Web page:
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The move, touted by a company exec at the time as “an exciting advancement,” was intended to streamline the process for homeowners considering selling to Zillow as part of its home-flipping business. Zillow promoted this option as a way to make it convenient to sell a home while minimizing interactions with others during the pandemic. Just eight months later, however, the company is shutting down that business, Zillow Offers, entirely.The decision, announced last week, marks a stunning defeat for Zillow. The real estate listing company took a $304 million inventory write-down in the third quarter, which it blamed on having recently purchased homes for prices that are higher than it thinks it can sell them. The company saw its stock plunge and it now plans to cut 2,000 jobs, or 25% of its staff. The fallout from this business venture doesn’t just point to the challenges in buying and selling homes for profit, however. It also highlights how hard it is to use AI to help make expensive, real-world decisions, particularly in an ever-changing market that can be hard to predict months or even weeks out, and with prices that can be based as much on feel as on clear data points. Zillow CEO and cofounder Rich Barton explained the shuttering of Zillow Offers by citing “unpredictability in forecasting home prices” that “far exceeds” what the company had expected.The “iBuyer” model used by Zillow and other other real estate companies entails purchasing homes directly from sellers and then re-listing them after doing minor work. For Zillow, one of the first steps in its decision to purchase any home is the “Zestimate” — a machine-learning-assisted estimate of a home’s market value that is calculated by taking into account oodles of data about the property gathered from sources including tax and property records, homeowner-submitted details such as the addition of a bathroom or bedroom, and pictures of the house. Rival platforms such as Redfin have their own estimates that take similar data into account.”The Zestimate, facts you provided, and comparable homes nearby are used to calculate an estimated sale price,” Zillow explained on its Zillow Offers webpage to homeowners who may be interested in selling their property to the company. (The page now notes the company is “winding down” the service, and isn’t making new offers on homes.) After that estimate, the page explained, Zillow conducts an in-person evaluation of a property, determines the amount it deems necessary for repairs before it could resell the house, and then makes a final offer. Zillow has bought tens of thousands of homes since the launch of Zillow Offers, but has sold many fewer than it snapped up: according to its quarterly results, it purchased 27,000 homes from April 2018 through September 2021, and sold nearly 17,000.Zillow declined a request for an interview with Krishna Rao, the company’s vice president of analytics. In a statement, Zillow spokesperson Viet Shelton told CNN Business the company used the Zestimate for Zillow Offers “the same way we encourage the public to use it: as a starting point.””The challenge we faced in Zillow Offers was the ability to accurately forecast the future price of inventory three to six months out, in a market where there were larger and more rapid changes in home values than ever before,” Shelton said.Indeed, since Zillow entered the home-flipping business in 2018, real estate markets have changed in wildly unpredictable ways. The pandemic led to a temporary housing market freeze, followed by a supply and demand imbalance that caused an unprecedented rise in home prices. This may only have complicated the company’s decision to include the Zestimate — which Zillow points out is not an appraisal, but a “computer-generated estimate of the value of the home today, given the available data” — as part of the Zillow Offers process in more than 20 cities.Artificial intelligence can look at far more information, far more quickly, than a single human could when considering a fair price for a home, weighing factors like comparable home sales in an area, how many people are looking in a specific neighborhood and so on. Still, “you can have a real estate agent look at a house and in one second pick out one critical factor of the valuation that just doesn’t exist as ones and zeroes in any database,” said Mike DelPrete, a real estate technology strategist and scholar-in-residence at the University of Colorado Boulder. A key part of ZillowThe Zestimate has been a key part of Zillow’s brand since the company first launched its website in 2006. The term is featured prominently on millions of Zillow’s home listings; it’s trademarked by the company; and it’s mentioned 61 times in its IPO paperwork from 2011.”Three times a week, we create more than 500,000 unique valuation models, built atop 3.2 terabytes of data, to generate current Zestimates on more than 70 million US homes,” the company wrote in a securities filing in 2011. More than 10 years later, the company publishes Zestimates for more than 100 million US homes. If you’re looking up homes on Zillow’s website or app, the Zestimate is featured prominently in each listing, whether the home is for sale or not. If the house is currently for sale, a red dot is shown next to the words “House for sale,” and the Zestimate, if it’s available for that home, will appear on the same line.Though the company points out that the Zestimate is not a home appraisal, the feature’s accuracy has been called into question over the years. For example, it became the subject of a lawsuit brought by homeowners in 2017. (That suit was dismissed.)Zillow has spent years improving the Zestimate, going so far as to run a multi-year data science competition to improve the accuracy of the algorithm behind it. The company awarded a three-person team the $1 million prize in early 2019.The Zestimate currently has a median error rate of 1.9% for homes that are on the market, Shelton said, meaning Zillow’s estimates for half the homes on the market come within 1.9% of the actual selling price. That percentage of error is much higher — 6.9%, according to Shelton — for off-market homes. Being off by as little as 1.9% on a property with a Zestimate of $500,000 is still nearly $10,000; that figure multiplies over many, many homes in different cities across the United States.An art, not just a scienceIt’s one thing to build a model on a website that’s often reasonably accurate. It’s another to then try to use that model in the real world to make very costly bets — and do so at scale, according to Nima Shahbazi, a member of the team that won the Zestimate algorithm competition and CEO of Mindle.AI, which helps companies use AI to make predictions. For instance, if any homes Zillow purchased had hidden problems — such as a missed crack in the foundation — the Zestimate would not be able to predict those issues, he said. “There are many different parts between a very decent model and deploying the model into production that can go wrong,” he said.Zillow was using the Zestimate to help it make purchasing decisions for homes it hoped to make a profit off of over time. But Nikhil Malik, an assistant professor of marketing at the University of Southern California, said algorithms tend to be good at making fine-grained, short-term predictions, such as for predicting stock prices a second in advance. But there simply isn’t enough data for an algorithm to learn about longer busts and booms, according to Malik, who researches algorithmic pricing and has studied the Zestimate in particular. There are also many unquantifiable aspects of putting a price tag on a home, DelPrete noted, such as the value of living in the same neighborhood you grew up in or down the street from your parents. These can vary from person to person, which makes it even harder to outsource a home valuation process to a computer. “It’s a good tool for what it is,” DelPrete said of the Zestimate, but it’s a mistake to think it can be used to accurately predict house prices now or in the future. He sees it as “almost a toy,” meant more for piquing your curiosity when looking up your home or your neighbor’s home online. “If you want to do iBuying and you’re going to make thousands of offers every day you have to be really good at valuing homes, not only today but three to six months in the future,” he said. “And that’s an art and a science.” — CNN’s Anna Bahney contributed to this report.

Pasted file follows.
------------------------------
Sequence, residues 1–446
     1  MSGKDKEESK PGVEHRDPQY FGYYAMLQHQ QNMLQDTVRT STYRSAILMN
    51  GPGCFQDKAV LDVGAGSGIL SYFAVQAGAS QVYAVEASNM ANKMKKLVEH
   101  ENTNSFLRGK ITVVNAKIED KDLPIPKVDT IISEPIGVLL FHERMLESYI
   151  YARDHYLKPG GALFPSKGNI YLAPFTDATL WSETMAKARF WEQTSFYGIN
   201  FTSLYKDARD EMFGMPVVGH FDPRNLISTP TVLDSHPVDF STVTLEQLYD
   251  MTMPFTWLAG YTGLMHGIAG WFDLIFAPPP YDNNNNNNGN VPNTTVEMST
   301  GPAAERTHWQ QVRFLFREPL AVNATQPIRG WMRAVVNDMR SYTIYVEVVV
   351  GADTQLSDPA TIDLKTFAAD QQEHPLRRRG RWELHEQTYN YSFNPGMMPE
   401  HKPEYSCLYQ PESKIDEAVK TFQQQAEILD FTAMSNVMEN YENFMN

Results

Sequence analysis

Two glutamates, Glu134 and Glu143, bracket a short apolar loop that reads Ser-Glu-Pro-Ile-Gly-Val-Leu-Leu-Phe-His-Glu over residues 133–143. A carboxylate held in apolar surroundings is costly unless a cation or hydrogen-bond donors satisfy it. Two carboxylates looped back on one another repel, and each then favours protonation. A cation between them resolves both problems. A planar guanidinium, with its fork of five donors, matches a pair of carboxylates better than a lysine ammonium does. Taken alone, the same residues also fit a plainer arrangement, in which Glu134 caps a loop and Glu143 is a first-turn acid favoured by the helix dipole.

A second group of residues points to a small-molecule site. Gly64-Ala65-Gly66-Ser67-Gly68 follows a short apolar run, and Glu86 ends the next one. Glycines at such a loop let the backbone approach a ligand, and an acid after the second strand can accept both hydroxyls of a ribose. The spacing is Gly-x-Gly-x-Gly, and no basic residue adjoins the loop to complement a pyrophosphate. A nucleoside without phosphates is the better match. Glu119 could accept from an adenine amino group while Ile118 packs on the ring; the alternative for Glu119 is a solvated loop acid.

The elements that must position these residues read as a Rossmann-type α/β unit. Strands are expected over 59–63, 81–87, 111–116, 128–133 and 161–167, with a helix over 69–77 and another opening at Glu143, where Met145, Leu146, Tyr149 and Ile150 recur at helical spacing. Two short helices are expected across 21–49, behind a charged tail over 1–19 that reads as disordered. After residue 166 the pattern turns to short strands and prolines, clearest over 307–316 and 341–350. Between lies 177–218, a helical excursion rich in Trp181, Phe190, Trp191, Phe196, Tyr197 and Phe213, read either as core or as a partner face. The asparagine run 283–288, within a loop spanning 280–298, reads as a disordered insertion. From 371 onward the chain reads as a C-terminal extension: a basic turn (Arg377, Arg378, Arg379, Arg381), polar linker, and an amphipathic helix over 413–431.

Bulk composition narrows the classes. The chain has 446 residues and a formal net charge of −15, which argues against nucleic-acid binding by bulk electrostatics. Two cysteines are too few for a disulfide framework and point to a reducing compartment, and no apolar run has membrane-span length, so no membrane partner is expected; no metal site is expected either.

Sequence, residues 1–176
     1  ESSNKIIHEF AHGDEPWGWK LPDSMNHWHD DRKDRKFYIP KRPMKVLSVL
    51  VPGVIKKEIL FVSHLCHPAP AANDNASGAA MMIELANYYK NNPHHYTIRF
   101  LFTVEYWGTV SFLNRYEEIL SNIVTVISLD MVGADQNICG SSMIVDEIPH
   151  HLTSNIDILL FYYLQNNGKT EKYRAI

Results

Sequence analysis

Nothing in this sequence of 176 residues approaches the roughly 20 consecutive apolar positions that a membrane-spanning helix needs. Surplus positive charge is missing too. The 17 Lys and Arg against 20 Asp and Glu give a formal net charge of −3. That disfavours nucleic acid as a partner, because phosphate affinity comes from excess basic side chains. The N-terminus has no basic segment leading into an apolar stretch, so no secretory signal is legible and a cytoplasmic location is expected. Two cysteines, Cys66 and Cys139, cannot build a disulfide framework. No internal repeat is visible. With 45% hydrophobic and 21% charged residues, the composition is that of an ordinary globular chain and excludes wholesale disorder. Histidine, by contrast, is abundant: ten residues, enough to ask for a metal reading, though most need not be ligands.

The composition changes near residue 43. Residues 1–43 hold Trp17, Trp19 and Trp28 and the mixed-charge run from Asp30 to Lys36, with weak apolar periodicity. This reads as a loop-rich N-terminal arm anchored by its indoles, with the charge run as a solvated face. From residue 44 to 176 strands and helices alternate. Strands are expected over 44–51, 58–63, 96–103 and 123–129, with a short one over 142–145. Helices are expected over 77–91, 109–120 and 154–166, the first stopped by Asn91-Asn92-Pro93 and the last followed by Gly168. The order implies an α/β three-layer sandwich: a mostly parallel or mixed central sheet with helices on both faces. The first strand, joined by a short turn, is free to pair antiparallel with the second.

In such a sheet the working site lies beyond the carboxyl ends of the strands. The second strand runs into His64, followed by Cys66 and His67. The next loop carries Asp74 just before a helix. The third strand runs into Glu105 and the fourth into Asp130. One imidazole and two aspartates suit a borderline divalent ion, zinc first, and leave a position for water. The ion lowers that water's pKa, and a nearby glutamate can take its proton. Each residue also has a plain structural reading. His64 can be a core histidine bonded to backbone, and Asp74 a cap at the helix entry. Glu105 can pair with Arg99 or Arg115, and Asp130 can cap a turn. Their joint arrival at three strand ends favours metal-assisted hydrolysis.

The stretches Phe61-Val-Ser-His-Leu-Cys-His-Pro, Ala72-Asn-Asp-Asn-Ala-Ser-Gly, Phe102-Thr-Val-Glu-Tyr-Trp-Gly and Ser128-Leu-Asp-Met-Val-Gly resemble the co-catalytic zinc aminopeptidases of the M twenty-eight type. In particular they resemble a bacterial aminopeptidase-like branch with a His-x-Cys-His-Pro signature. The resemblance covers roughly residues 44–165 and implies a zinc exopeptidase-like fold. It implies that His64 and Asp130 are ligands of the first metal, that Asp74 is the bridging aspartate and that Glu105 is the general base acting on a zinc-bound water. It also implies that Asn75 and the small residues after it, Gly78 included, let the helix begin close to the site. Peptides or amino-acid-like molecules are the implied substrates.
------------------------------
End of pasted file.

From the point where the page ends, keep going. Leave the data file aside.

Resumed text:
The Apple-1 that is going under the hammer on Tuesday is one of the few surviving examples of Apple’s (AAPL) first computer in the world, according to John Moran Auctioneers.The lot includes an Apple-1 “NTI” motherboard and an Apple Cassette Adapter in a koa wood case, as well as a Datanetics Keyboard Rev D, a 1986 Panasonic video monitor, an Apple-1 connecting cable and a power supply, the listing states.It also comes with an Apple-1 Basic Manual, the Apple-1 Operations Guide, an original MOS 6502 programming manual and two Apple-1 software cassette tapes.The computer was designed by Steve Wozniak and assembled and tested by Steve Jobs.The Apple-1 on sale has only had two owners. This particular example was bought by an electronics professor, who then sold it to a student in 1977, said the auctioneer.”This Apple-1 has recently undergone an extensive authentication, restoration, and evaluation process by one of the foremost experts in the field, who inspected all components and generated a full condition report for the Apple-1,” reads the listing.There are only six examples of the koa wood Apple-1 case left, according to the auction house. The wood has become rarer and more expensive as koa tree numbers have been reduced due to cattle grazing and logging.Only 200 Apple-1s were made in total, with 175 sold.Fifty of the 175 computers were sold to Paul Terrell, owner of a store named ByteShop in Mountain View, California, the listing adds.Terrell was reportedly disappointed when they were delivered because he was expecting a self-contained computer unit that was ready to be plugged in, rather than a kit, according to the auctioneers.However, Jobs placated him by saying that each box contained all the elements to make a fully-functioning computer, and ByteShop could make money upselling the product.In 2013, a rare working model of the Apple-1 sold for more than $671,000 at an auction in Germany.The computer sold along with a letter from Apple co-founder Jobs to its original owner.Jobs and Wozniak famously created the Apple computer in Jobs’ family garage, building the device by hand and financing the company through the sale of Wozniak’s fancy calculator and Jobs’ VW camper van.Now Apple is one of the most valuable companies in the world, worth around $2.5 trillion.